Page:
“Here,” said the wolf, what seemed like a long time later. “This is far enough.”
It was twilight. Turtle was amazed that it was only twilight. It seemed like several ages must have passed, like it should be twilight of the day after.
They stood in a little clearing. Turtle shook herself and looked around. Night was gathering under the trees, and there were eyes in it, and a suggestion of teeth.
A growling began somewhere behind Turtle, and ran around the ring of trees. It was very soft and very hungry.
“It would be wise,” said the wolf, “if you would lay your hand on my shoulder now. And I will see you home.”
Turtle set her hand on the wolf’s shoulder. He was hot as fire under his fur, and his ribs heaved as he panted.
They walked away from the clearing. The wolves under the trees slunk out of their way, heads low, their eyes gleaming like frozen moons.
She thought about looking back, but the wolf said “I wouldn’t,” so she didn’t.
It was not a long walk. She cried a little. There seemed to be time now. The wolf didn’t say anything. When she stopped, she tangled her fingers in the wolf’s fur, and felt better.
They reached the path home twenty minutes later. Turtle expected it to take longer, but then again, it went much faster when one of you was not walking backward and hauling a dead man’s weight in his jaws.
They stood on the edge of the path, where the spurge grew thick and choked out the ferns and daggers of grass stabbed up through them.
“Well?” said the wolf finally.
Turtle thought about it, scuffing her foot in the dry pine needles of the path. “I’m sorry he had to be killed. But he shouldn’t have killed the goat.”
The wolf bowed his head, accepting this judgment.
“Will Grandmother be okay?”
The wolf shrugged. His fur rippled under Turtle’s hand when he did so. “She is strong. She would not be a friend to wolves if she were not. Give her a day or two to re-make her den around her and howl, and then visit her again.”
“Will you be here?” asked Turtle. “I mean…if I come into the woods, some time…”
“It is very likely,” the wolf said.
“Would you talk to me?”
“Quite possibly,” said the wolf. “If you are not too foolish, and will be silent sometimes. You do not smell like a foolish child, but there is often no way to be sure.”
“I promise to be silent sometimes,” said Turtle solemnly.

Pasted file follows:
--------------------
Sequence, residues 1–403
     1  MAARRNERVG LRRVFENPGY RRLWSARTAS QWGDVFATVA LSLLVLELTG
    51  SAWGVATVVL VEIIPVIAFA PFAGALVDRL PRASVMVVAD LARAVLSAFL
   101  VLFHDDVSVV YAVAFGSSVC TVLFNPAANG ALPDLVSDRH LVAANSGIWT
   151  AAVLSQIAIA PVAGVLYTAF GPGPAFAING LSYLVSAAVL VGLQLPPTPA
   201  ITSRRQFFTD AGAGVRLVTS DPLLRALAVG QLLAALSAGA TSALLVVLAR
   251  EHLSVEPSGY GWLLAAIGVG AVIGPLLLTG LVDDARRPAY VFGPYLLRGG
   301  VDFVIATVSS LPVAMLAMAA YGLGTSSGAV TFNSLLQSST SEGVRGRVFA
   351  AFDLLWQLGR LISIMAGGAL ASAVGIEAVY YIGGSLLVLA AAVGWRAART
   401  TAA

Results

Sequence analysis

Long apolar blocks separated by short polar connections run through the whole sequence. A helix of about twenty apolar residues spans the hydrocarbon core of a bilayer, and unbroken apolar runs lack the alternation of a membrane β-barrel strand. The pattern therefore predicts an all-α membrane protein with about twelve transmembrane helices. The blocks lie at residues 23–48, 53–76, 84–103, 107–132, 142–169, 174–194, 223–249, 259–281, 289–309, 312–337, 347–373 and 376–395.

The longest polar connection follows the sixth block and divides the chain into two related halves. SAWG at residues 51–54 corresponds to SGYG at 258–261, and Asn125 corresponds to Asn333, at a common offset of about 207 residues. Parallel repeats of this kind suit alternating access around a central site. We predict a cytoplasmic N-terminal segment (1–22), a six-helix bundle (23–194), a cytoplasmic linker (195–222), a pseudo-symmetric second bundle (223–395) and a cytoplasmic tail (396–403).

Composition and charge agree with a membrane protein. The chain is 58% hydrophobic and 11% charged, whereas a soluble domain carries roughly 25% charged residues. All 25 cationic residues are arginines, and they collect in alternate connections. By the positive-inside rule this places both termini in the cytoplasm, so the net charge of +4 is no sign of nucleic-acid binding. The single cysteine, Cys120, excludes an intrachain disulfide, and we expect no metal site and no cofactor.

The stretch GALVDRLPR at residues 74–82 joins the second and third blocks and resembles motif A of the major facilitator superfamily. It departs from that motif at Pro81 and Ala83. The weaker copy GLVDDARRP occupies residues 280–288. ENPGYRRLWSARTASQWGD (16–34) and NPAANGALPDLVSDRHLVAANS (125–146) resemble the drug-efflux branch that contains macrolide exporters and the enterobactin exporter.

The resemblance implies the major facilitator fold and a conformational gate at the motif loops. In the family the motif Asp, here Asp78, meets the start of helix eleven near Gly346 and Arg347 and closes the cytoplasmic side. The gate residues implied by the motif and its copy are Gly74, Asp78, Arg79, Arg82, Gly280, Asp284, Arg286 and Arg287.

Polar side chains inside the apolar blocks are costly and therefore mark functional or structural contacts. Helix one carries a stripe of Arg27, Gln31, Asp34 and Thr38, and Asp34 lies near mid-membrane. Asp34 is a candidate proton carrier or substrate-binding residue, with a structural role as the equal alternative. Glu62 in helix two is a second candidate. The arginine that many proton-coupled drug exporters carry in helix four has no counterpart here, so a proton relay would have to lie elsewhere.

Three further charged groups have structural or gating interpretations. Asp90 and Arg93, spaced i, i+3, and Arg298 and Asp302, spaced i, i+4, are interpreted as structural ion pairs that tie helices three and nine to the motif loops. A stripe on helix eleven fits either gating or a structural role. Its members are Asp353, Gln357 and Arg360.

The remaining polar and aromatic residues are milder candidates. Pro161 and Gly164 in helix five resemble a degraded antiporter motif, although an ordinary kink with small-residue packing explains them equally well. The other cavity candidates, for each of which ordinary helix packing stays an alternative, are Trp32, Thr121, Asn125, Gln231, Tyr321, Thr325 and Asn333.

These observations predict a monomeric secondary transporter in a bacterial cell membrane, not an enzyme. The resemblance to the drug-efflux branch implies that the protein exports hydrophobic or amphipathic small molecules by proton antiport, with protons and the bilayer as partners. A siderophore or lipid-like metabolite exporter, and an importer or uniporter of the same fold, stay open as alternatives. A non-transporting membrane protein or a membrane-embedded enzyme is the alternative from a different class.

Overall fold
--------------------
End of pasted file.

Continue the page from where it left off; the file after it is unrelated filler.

“Then I will be here,” said the wolf, and turned like a cat on the path and vanished into the wood.
No, that’s not the end of the story. Hush. I’ll tell you the rest. There isn’t much.
Turtle went home. The yelling was mostly over, although Turtle’s mother said a few things about the state of her clothes and the stained hood.
“Grandma’s goat got killed,” said Turtle, and that was enough explanation for everything, although Turtle’s mother then muttered a few more things, mostly related to letting a child gad out in the woods so late.
“It wasn’t late when I started,” said Turtle, much aggrieved, and that, too, was enough explanation for everything.
Nobody asked about the woodsman, then or ever. He probably had a name, but Turtle never learned it and did not ask. Her grandmother continued on the same as ever, except that she stopped hiring anyone to cut her firewood, and Turtle’s brother came home sweaty and full of splinters and complaints.
Her next batch of brownies came out chewy and if they were overly wet in the middle and burnt to a brick-like crust around the edges, everyone agreed that it was still a great improvement.
About the Author
T Kingfisher (more usually known as Ursula Vernon) is the author of many children’s books, the Hugo Award winning comic “Digger,” and the Nebula Award winning story “Jackalope Wives.” She writes books for adults under the name T. Kingfisher, including “The Seventh Bride,” “The Raven & The Reindeer” and the latest, “Paladin’s Grace.” This year, she was nominated for the Lodestar Award for Best Young Adult Book, for the novel Minor Mage.
About the Narrator
Hailing from the rain-sodden, North Western wastelands of England, Phil Lunt has dabbled in many an arcane vocation. From rock-star to conveyor-belt scraper at a bread factory, milkman to world’s worst waiter. He’s currently a freelance designer, actor and sometime writer/editor and impending father. For his sins he’s Chair of the British Fantasy Society, a role that can be more complicated than herding cats, at times. He’s still considering becoming an astronaut when he grows up, and you can follow him on Twitter.
About the Artist
Alexis is a multiclass disaster-human living with her husband in Cincinnati. When she isn’t prepping art for Cast of Wonders, designing pins for pin-y.com, or yelling about TV into a mic for Bald Move, she dabbles in a revolving menu of hobbies and art projects. To list them all would be sheer madness. Like any good bisexual, she has a lot of jackets. You can find her on Twitter @alexisonpaper.